This Is The Time To Be Slow: Words from John O’Donohue


“This is the time to be slow,

Lie low to the wall

Until the bitter weather passes.

Try, as best you can, not to let

the wire brush of doubt

Scrape from your heart

All sense of yourself

And your hesitant light.

If you remain generous,

Time will come good;

And you will find your feet

Again on fresh pastures of promise,

Where the air will be kind

And blushed with beginning.”

For reflection in solitude or in the (probably virtual, yes?) company of others: What doubts are challenging you now? What might the “fresh pastures of promise” feel like, physically and emotionally? How can you keep faith that “time will come good”?



Such a Singing in the Wild Branches: A Spring Poem by Mary Oliver


It was spring
and I finally heard him
among the first leaves––
then I saw him clutching the limb

in an island of shade
with his red-brown feathers
all trim and neat for the new year.
First, I stood still

and thought of nothing.
Then I began to listen.
Then I was filled with gladness––
and that’s when it happened,

when I seemed to float,
to be, myself, a wing or a tree––
and I began to understand
what the bird was saying,

and the sands in the glass
for a pure white moment
while gravity sprinkled upward

like rain, rising,
and in fact
it became difficult to tell just what it was that was singing––
it was the thrush for sure, but it seemed

not a single thrush, but himself, and all his brothers,
and also the trees around them,
as well as the gliding, long-tailed clouds
in the perfect blue sky–––all of them

were singing.
And, of course, so it seemed,
so was I.
Such soft and solemn and perfect music doesn’t last

For more than a few moments.
It’s one of those magical places wise people
like to talk about.
One of the things they say about it, that is true,

is that, once you’ve been there,
you’re there forever.
Listen, everyone has a chance.
Is it spring, is it morning?

Are there trees near you,
and does your own soul need comforting?
Quick, then––open the door and fly on your heavy feet; the song
may already be drifting away.

For reflection in solitude or in the company of others: For you, is it spring? Is it morning? Are there trees near you? If yes, try a morning walk, listening for the birds, or if that is not possible simply open a window and let the birdsong in. Is it only birds that you are hearing, or is Someone else singing to you as well?

Let Your God Love You: A Poem for Lent by Edwina Gately

Let Your God Love You: A Poem for Lent by Edwina Gately

Be silent.
Be still.
Before your God.
Say nothing.
Ask nothing.
Be silent.
Be still.
Let your God look upon you.
That is all.
God knows.
God understands.
God loves you
With an enormous love,
And only wants
To look upon you
With that love.

Let your God—
Love you.

For reflecting in solitude or in the company of others: Do you find it easier to give love or to receive it? What does your response suggest to you about your relationship with God this season?

Blessing in the Round

Blessing in the Round

This blessing cannot help it;

It’s the way it was designed.

Lay it down and it rises again.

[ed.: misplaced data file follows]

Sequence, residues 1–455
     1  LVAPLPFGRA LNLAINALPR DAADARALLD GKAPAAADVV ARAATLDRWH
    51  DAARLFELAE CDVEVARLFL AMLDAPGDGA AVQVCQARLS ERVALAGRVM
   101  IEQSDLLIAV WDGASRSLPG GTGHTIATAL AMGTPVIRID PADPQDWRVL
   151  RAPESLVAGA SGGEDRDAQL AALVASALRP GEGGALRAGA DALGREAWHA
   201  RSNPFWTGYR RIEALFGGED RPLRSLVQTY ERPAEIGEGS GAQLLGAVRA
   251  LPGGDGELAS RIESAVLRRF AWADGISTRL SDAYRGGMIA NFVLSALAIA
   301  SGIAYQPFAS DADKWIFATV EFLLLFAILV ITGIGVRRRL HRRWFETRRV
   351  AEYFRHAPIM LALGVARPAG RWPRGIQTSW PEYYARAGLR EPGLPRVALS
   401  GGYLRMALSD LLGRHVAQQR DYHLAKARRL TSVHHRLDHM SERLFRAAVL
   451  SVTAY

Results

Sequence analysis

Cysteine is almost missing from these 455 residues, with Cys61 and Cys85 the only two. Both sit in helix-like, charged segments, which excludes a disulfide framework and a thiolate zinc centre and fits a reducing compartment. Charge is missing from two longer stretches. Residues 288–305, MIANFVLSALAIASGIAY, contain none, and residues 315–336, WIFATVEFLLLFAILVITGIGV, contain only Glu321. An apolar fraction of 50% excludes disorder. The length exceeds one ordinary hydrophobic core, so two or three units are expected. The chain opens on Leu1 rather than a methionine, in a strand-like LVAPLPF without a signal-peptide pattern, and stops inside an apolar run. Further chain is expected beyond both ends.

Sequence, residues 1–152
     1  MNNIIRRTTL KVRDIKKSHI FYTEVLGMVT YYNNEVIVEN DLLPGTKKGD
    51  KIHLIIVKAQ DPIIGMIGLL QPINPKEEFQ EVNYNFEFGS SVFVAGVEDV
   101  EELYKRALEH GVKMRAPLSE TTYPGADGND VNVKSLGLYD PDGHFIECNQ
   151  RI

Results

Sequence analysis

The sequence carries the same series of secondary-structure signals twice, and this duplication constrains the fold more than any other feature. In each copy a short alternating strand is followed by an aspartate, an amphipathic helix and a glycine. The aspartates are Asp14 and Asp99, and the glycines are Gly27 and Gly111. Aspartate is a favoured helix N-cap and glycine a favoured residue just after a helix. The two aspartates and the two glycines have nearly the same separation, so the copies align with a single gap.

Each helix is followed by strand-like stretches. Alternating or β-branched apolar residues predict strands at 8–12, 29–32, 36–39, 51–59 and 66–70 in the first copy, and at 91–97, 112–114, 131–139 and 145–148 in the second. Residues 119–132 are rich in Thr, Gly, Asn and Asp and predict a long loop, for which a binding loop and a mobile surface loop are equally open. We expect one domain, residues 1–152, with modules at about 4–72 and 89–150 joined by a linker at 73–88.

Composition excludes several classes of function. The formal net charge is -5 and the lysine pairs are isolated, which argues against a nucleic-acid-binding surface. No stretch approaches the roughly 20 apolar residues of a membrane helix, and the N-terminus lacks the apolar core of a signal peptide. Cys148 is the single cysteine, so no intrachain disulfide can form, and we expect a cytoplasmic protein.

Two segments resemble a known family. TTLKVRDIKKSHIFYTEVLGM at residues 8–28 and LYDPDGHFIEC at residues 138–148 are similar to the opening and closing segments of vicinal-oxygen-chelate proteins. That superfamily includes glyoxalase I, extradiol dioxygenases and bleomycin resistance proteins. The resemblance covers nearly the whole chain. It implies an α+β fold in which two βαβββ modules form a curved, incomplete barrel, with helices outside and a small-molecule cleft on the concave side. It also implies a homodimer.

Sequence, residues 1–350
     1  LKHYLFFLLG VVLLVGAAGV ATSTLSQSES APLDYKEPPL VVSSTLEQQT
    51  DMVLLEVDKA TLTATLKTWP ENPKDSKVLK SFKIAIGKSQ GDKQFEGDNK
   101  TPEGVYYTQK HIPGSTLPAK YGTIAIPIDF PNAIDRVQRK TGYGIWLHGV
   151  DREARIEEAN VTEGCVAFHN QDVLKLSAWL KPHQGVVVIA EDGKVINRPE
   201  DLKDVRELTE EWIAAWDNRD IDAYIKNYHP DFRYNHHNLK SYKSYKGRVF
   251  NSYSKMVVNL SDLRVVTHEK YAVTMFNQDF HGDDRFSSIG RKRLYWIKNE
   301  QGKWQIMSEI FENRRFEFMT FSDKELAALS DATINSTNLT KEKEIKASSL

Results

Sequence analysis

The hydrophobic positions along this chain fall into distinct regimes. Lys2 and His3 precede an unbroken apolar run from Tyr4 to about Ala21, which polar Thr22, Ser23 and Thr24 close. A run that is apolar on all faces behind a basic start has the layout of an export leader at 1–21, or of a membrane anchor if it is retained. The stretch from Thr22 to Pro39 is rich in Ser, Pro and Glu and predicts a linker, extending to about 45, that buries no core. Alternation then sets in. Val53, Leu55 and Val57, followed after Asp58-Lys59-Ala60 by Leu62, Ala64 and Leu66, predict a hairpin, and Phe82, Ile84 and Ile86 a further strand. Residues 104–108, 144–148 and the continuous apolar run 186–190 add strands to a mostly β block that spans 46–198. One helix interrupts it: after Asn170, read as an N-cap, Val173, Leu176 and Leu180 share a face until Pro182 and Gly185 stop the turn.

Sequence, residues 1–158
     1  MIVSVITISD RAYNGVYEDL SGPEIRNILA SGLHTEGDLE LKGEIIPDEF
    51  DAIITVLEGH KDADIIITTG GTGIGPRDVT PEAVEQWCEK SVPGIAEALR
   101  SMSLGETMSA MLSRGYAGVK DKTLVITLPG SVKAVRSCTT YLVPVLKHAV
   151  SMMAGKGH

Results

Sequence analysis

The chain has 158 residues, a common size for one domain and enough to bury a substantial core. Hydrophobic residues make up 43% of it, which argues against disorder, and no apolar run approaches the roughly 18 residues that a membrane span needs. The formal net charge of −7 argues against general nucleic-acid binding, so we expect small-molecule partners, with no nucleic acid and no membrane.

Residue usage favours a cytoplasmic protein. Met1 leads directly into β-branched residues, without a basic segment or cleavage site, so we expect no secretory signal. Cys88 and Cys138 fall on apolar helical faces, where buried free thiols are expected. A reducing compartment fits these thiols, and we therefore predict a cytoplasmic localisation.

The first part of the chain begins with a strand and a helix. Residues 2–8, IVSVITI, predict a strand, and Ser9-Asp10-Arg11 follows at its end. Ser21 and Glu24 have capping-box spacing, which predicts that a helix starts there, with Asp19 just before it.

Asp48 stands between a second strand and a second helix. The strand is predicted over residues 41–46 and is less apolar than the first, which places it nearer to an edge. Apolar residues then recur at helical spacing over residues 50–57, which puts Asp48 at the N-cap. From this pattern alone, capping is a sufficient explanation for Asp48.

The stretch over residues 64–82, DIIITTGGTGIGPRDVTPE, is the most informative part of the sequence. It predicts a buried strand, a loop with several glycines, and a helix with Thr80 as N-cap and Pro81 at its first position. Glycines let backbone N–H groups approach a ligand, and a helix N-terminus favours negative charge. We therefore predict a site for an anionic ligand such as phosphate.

Release it and it returns.

Give it away and it makes its way back to you.

There is no explaining how it delights in reappearing

when you have ceased to hold it,

no hiding the sly smile it wears when it shows up at your door,

no mistaking the wonder when it circles back around

just at the moment you thought you had spent it vout completely,

had poured it out with abandon

when you saw the deepest thirst for it,

put it entirely in the hands

of those desperate in their hunger.

But here it is.

The perfect circle of it pressing into your hand

that curls around it and then lets go,

receiving and releasing and receiving again

like the breath

that does not belong to us

but sets us in motion.

This Lenten blessing written by Jan Richardson is a reflection on words from the Gospel According to Mark: “For those who want to save their life will lose it, and those who lose their life for my sake, and the sake of the gospel, will save it.” How do her words and the words from scripture inform and enrich each other? Have there been times when you have experienced the return of a blessing in this way? If a particular line or image is especially meaningful for you, try responding to it with art or written words of your own, as you are led.

Cactus League Spirituality?

Cactus League Spirituality?


Loyal Orioles fans, spring training has started. From her novel “The Cactus League”, this reflection by Emily Nemens:

Ask any fan, and she’ll tell you there’s something satisfyingly linear about baseball. Three strikes, three outs. Four bases, nine innings. A lineup — you don’t have to be an entymologist to see the meaning in that. But at the same time as that steady progression of three up, three down, then the next, then the next, it’s going around and around, cycling through the order, runnning the bases. Things get parabolic. There’s the arc of up and down drawn through the organization…the tight arc of an infield fly out and the majestic one of a game-winning homer. Charting the line gets mighty complicated…[the line become] more like a dance chart than any kind of arrow.”

For reflection in solitude or in the company of others: Which of these patterns — a steady line, an expanding cycle, or a sudden, explosive arc — describes your relationship with God?